A well-known Vietnamese blogger who went by the screen name “Mother Mushroom” was sentenced to ten years in prison on Thursday for publishing “anti-state propaganda.”
Yahoo News reports that in a trial decried by rights group as “outrageous,” a prominent Vietnamese blogger has been sentenced to ten years in jail for publishing “anti-state propaganda.” Blogger Nguyen Ngoc Nhu Quynh, who goes by the screen name “Mother Mushroom,” was arrested in October of 2016 and charged with the publishing of anti-state propaganda based on Facebook posts that were critical of the Vietnamese government. Vietnam’s one-party government keeps a tight control on voices of dissent, regularly jailing journalists and activists who speak out against the country’s Communist regime.
Following the court’s judgment, Nhu Quynh’s lawyer, Nguyen Kha Thanh told the AFP, “I am not happy with the result of the trial today.” AFP was banned from attending the trial in the south-central Khanh Hoa province, but Thahn stated that Quynh was calm throughout the entire trial and would likely appeal the verdict. In a pre-trial statement, Quynh stated her innocence and sent a message to her children.
Thanh stated, “She apologised to her mother and the two kids for what effect this has had on them, but she said they must be very proud of her.” Thanh stated that Quynh was charged under Article 88 of the Vietnamese criminal code and had no access to lawyers until June 20. Quynh has been a vocal critic of the Vietnamese human rights record and the governments handling of a toxic leak that led to the killing of tons of fish last year. Quynh was arrested while visiting a fellow activist in prison on October 10.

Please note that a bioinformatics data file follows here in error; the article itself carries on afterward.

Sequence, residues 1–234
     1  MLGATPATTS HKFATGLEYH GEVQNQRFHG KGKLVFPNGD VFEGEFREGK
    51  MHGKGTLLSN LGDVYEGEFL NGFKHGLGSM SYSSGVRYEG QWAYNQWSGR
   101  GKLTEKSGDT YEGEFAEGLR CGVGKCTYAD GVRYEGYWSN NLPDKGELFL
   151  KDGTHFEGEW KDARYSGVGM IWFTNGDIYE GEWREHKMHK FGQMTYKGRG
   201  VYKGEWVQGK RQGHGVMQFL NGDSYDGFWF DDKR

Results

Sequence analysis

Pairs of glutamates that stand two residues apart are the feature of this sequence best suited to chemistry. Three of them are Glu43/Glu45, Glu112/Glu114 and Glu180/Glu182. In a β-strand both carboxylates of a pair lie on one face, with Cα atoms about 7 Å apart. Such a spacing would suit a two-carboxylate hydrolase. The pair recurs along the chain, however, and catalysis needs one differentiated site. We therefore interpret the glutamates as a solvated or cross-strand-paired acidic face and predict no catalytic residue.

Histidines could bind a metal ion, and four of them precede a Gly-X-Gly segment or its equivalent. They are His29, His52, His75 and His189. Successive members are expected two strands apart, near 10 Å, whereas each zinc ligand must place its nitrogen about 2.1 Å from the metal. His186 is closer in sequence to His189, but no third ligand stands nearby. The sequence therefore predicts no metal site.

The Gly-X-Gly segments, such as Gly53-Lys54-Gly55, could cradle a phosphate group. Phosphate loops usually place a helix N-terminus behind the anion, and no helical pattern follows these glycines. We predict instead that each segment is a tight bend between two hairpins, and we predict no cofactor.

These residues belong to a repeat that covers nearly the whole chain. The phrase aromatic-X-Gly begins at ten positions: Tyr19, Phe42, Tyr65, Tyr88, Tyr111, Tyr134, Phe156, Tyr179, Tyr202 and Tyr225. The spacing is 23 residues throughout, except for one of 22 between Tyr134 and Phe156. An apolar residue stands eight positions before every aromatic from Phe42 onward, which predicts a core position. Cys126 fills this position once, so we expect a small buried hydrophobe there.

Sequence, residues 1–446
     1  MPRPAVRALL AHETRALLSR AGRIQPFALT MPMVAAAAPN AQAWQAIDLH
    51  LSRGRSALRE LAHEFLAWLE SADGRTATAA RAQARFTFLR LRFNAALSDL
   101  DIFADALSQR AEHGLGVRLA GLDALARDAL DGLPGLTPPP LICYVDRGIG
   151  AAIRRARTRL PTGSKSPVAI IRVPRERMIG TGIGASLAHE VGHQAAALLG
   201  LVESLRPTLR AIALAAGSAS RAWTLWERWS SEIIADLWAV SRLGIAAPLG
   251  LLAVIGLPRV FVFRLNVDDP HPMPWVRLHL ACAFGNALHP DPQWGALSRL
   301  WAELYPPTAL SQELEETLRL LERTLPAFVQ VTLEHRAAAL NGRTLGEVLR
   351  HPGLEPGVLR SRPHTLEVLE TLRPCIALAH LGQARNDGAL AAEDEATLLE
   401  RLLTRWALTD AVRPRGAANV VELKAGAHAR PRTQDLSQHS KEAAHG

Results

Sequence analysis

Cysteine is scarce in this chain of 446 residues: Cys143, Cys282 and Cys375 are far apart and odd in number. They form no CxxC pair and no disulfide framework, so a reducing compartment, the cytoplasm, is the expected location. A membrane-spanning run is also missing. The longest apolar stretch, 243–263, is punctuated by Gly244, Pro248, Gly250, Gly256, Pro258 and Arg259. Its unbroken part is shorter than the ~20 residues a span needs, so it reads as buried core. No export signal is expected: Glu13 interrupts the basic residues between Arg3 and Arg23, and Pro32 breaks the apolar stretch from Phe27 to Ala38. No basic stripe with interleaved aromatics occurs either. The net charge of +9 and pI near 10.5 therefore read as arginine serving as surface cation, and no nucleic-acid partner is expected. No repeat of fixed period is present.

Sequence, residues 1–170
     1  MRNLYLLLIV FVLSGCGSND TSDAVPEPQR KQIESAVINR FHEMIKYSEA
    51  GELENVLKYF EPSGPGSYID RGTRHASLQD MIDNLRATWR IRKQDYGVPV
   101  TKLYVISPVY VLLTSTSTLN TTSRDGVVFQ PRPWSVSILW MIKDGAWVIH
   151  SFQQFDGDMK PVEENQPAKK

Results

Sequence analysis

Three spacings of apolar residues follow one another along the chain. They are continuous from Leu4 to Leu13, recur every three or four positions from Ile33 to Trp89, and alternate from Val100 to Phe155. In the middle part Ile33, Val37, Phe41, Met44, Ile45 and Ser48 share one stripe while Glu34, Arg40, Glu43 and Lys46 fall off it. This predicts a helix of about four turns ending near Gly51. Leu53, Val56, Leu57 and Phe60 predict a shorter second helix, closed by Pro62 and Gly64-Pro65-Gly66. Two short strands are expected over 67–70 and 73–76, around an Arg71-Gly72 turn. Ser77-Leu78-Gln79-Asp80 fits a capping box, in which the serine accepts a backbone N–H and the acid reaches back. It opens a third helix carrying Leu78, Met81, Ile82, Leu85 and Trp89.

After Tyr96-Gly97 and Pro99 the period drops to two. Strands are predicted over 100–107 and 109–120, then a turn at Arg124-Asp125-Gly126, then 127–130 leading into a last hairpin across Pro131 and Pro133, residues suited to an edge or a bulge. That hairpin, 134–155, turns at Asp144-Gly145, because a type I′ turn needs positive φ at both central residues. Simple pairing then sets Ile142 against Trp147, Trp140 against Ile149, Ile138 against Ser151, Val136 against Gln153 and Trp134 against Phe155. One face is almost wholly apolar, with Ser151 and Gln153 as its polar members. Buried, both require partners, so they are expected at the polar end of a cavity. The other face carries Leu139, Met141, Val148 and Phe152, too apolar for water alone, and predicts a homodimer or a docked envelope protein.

Phil Robertson, Human Rights Watch deputy Asia director, said in a statement on Wednesday, “The scandal here is not what Mother Mushroom said, but Hanoi’s stubborn refusal to repeal draconian, rights-abusing laws that punish peaceful dissent and tarnish Vietnam’s international reputation.” The United States, Britain, and the European Union have all also called for the release of Quynh. When asked about the case, Le Thi Thu Hang a spokeswoman for Vietnam’s Ministry of Foreign Affairs stated, “all acts that violate the law will be seriously punished in accordance with Vietnamese laws.”
Quynh received an International Woman of Courage Award from the U.S. State Department in March which the Vietnamese government said was, “not appropriate and of no benefit for the development of relations between the two countries.”